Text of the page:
Cali Sandwich It's not uncommon to wait for a table at this Midtown eatery. That's because of the sheer variety of Vietnamese food served here, all of it authentic and made with fresh ingredients. Bahn mi (sandwiches), pho (soups) and bun (noodle dishes) are all served here, and nothing costs more than a few bucks. Vegetarians will appreciate the extensive array of meat-free dishes, such as the fragrant, steamy stir-fry or the vegetable fried rice (to which you can add tofu). For carnivores, the chargrilled pork chop ($4.75), served with shredded pork and a fried egg on top of crushed rice, is one hearty meat dish.

When the original owners of Nielsen's first came to Houston from Denmark, they tried to sell the famous Danish open-faced sandwiches called smorrebrod. But customers didn't know how to eat the messy sandwiches (Danes use a fork and knife) and the health department wouldn't let them be displayed without some kind of covering. So Nielsen's gave up and started serving American-style overstuffed sandwiches with cole slaw, potato salad and deviled eggs on the side. Fifty years later, Nielsen's Danish deli on Richmond is a Houston landmark. But what made the place famous is a bit of a surprise: Houstonians come from far and wide to buy the homemade mayonnaise. While the thin-sliced pastrami on rye is excellent; and the corned beef, liver paste and Swiss sandwich is a work of art; it's the homemade mayonnaise-laden potato salad that caused Gourmet magazine to ask for a recipe. Nielsen's sells its mayo by the pint, too, so when you stop by for a sandwich, you can get some to stick in the fridge.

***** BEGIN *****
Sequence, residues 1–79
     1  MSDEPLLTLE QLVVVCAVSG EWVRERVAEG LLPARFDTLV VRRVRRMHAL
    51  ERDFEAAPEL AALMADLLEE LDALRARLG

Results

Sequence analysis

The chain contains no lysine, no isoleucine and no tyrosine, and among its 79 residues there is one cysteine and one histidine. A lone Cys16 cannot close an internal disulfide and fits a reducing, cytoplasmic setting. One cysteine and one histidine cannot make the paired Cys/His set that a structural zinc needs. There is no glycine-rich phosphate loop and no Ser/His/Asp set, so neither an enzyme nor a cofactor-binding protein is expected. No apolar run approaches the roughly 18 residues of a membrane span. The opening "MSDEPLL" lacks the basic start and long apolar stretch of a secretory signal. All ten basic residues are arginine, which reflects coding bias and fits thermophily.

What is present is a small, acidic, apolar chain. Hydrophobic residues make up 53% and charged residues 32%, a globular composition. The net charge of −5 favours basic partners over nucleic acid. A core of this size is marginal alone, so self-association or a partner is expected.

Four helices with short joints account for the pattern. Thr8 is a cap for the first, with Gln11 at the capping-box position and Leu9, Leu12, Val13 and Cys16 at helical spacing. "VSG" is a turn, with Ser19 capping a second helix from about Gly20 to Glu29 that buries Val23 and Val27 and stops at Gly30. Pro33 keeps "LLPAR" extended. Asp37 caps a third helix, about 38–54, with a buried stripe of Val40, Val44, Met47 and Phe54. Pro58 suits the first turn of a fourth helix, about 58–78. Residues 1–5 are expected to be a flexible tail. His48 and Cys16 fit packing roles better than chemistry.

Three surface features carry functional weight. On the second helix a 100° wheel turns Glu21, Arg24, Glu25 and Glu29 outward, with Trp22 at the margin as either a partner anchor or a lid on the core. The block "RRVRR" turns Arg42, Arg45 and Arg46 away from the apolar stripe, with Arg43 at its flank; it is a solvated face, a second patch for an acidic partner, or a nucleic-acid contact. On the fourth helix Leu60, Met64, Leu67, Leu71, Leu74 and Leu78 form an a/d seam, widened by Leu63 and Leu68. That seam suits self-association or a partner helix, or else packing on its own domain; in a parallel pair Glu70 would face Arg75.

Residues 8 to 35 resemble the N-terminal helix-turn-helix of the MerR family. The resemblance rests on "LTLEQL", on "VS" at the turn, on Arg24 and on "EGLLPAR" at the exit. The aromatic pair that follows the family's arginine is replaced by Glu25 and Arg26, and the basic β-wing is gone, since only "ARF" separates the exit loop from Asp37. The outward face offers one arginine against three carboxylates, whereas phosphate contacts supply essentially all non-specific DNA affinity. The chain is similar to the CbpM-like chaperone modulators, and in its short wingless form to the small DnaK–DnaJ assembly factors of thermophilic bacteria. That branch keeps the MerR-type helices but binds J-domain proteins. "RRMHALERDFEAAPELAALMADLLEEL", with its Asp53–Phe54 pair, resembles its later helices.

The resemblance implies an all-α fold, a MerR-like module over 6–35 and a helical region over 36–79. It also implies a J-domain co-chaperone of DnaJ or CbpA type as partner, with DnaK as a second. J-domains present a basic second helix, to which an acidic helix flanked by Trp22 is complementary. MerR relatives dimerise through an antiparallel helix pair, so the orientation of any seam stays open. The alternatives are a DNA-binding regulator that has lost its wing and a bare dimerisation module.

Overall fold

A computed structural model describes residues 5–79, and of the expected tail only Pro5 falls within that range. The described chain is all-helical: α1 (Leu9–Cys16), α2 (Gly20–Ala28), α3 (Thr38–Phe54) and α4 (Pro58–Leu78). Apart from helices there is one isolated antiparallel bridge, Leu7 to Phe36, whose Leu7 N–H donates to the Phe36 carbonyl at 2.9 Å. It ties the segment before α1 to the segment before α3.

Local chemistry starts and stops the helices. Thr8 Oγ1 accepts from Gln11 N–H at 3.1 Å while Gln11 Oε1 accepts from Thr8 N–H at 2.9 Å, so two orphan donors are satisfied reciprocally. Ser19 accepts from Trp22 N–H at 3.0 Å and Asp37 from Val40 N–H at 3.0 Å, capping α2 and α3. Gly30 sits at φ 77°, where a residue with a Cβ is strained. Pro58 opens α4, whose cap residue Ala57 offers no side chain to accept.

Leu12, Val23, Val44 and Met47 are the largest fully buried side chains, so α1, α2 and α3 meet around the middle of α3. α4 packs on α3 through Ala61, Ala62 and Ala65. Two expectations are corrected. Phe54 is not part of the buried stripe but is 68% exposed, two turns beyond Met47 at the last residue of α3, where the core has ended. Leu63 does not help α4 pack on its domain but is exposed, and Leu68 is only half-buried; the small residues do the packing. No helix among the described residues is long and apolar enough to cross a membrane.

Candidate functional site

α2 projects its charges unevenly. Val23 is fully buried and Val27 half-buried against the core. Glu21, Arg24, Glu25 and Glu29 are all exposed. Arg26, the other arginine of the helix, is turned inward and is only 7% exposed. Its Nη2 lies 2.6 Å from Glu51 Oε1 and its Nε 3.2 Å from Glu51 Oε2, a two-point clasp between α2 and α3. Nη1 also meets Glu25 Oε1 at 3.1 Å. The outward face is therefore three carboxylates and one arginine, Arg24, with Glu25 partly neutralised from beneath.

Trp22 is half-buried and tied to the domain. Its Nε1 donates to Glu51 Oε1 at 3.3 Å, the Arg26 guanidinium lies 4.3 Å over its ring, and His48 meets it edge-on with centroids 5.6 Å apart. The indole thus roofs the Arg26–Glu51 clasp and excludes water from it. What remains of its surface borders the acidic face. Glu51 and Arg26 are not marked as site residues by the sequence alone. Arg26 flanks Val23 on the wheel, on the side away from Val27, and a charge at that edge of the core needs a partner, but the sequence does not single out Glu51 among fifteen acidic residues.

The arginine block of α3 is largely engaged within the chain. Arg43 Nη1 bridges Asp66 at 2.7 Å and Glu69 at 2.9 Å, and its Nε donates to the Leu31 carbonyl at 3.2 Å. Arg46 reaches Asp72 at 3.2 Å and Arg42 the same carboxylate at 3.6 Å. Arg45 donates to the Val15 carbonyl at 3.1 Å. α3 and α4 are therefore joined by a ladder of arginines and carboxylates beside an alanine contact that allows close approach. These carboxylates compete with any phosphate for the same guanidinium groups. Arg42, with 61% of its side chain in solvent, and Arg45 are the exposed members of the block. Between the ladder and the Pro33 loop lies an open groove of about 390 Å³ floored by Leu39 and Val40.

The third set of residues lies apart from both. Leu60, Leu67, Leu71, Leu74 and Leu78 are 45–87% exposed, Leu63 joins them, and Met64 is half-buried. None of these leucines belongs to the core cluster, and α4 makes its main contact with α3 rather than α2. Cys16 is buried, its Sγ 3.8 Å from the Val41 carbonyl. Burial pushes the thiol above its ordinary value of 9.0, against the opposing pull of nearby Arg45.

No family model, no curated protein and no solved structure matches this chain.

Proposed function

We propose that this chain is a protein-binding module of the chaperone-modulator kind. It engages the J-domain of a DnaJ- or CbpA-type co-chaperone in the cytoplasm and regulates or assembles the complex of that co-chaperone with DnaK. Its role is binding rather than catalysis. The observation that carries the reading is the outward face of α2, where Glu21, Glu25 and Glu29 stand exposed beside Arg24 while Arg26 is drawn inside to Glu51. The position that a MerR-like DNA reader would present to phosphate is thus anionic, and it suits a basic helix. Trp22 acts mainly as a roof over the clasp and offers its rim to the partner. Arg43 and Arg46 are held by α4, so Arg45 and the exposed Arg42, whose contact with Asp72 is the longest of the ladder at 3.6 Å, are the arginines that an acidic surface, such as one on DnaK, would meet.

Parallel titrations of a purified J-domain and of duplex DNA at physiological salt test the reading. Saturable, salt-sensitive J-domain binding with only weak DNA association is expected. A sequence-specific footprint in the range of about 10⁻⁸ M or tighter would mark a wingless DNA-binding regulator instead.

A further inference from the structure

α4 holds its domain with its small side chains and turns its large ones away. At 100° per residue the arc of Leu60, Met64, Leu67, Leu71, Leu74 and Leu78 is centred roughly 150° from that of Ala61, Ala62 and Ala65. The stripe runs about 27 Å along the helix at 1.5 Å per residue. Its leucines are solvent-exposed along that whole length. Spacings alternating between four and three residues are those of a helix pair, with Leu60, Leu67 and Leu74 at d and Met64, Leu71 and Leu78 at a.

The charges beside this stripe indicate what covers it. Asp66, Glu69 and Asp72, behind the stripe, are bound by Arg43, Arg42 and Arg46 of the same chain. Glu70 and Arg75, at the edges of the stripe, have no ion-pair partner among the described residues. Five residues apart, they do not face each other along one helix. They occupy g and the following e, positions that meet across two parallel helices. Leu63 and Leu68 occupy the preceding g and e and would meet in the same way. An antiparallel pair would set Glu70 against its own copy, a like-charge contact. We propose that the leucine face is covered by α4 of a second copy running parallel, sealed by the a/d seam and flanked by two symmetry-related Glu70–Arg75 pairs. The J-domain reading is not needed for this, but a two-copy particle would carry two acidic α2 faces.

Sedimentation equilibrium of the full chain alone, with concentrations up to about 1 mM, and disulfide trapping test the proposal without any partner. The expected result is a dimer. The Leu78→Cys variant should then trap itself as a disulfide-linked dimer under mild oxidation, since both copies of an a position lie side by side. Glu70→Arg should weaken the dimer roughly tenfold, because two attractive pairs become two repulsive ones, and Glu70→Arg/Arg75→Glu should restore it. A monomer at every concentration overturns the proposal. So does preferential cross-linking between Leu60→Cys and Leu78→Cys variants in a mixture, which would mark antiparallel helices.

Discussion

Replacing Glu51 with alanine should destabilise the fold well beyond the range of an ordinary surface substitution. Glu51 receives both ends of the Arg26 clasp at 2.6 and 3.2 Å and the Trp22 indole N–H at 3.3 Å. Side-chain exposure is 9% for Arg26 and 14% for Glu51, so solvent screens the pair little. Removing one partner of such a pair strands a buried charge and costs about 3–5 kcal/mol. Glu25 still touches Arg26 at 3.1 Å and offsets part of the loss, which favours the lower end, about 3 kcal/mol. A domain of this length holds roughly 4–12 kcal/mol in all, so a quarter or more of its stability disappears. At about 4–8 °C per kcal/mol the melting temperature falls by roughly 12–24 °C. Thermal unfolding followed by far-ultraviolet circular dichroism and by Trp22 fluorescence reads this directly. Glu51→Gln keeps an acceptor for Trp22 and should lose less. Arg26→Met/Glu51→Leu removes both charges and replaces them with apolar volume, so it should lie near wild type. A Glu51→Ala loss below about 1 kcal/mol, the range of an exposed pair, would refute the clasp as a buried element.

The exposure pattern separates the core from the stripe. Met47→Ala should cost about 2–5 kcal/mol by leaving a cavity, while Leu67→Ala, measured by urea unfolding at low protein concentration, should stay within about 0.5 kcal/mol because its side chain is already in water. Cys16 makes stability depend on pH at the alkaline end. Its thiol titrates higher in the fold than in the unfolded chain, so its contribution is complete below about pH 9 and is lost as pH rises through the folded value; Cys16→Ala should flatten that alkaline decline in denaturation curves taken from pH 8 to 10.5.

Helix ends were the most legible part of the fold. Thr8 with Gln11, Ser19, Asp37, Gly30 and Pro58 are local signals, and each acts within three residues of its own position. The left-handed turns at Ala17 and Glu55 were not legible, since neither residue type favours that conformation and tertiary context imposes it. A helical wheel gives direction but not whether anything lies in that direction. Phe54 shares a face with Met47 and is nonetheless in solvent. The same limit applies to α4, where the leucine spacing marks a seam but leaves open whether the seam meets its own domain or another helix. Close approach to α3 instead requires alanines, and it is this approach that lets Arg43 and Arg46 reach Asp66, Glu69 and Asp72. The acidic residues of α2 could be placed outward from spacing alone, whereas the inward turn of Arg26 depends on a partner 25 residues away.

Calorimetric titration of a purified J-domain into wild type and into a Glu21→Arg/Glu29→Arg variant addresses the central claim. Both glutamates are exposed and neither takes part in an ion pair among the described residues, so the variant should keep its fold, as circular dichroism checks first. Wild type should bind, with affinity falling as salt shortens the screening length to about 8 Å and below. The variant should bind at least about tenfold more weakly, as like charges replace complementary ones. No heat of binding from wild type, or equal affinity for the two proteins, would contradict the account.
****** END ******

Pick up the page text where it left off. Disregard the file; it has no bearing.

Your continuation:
Best Neighborhood Spot in Bellaire

Bellaire Coffee Shop The coffee's always hot at the Bellaire Coffee Shop -- God knows how many pots they make each day. The Mayberry-esque '50s atmosphere is authentic here: The waitresses call their customers "hon," and there's a constant hiss from the griddle as the fry cook shoves breakfast and lunch orders along, somehow never mixing them up even during the busiest times. The coffee-shop faithful -- from the morning parade of breakfast customers to the mid-afternoon regulars who gather to chat about the day's events -- have a deep love for this eatery. The buzz of good-natured gossip is as much an ingredient of this experience as the steamy joe and homey recipes.

Owner Jorge Fife is the chef, bartender and occasionally the waiter. He also provides the entertainment at this wacky little joint in the northern suburbs. Fife isn't from Portugal -- he grew up in Mozambique, one of its former colonies. So while there's Portuguese chourico and feijoada on the menu, you'll also find curry from Goa, a Portuguese colony in India, and piri-piri sauce from Mozambique. The decor includes a simulated African hut and a giant map charting the travels of Vasco de Gama and other Portuguese explorers. The restaurant might as well have been called A Taste of Portugal and Its Far-Flung Colonies. But whatever you order, the sparkling hospitality shines. Eating here is like going to a dinner party at a friendly stranger's house.

A fusion restaurant that brings together Persian, Indian, Mediterranean and American dishes, this place serves the most ferociously seasoned Middle Eastern food you've ever eaten. All the meats are halal, the Muslim equivalent of kosher. Standouts include the Mix Grill Dos, with two kinds of tandoori chicken; a half skewer of jujubideh, a Persian chicken kabob seasoned with saffron and lemon; and a full skewer of koobideh, a highly seasoned Persian ground-beef kabob. The menu also includes a Greek shawarma wrap and bakra ke korma, a fabulous slow-cooked goat curry. "The animals sourced for halal meat are not fed hormones of any kind, so you can be assured of receiving healthier, better-tasting meat for your dining experience," claims the menu. Don't miss the fiery halal hamburger! Unfortunately, tencafé's halal status also means that you can't get any beer with your spicy food.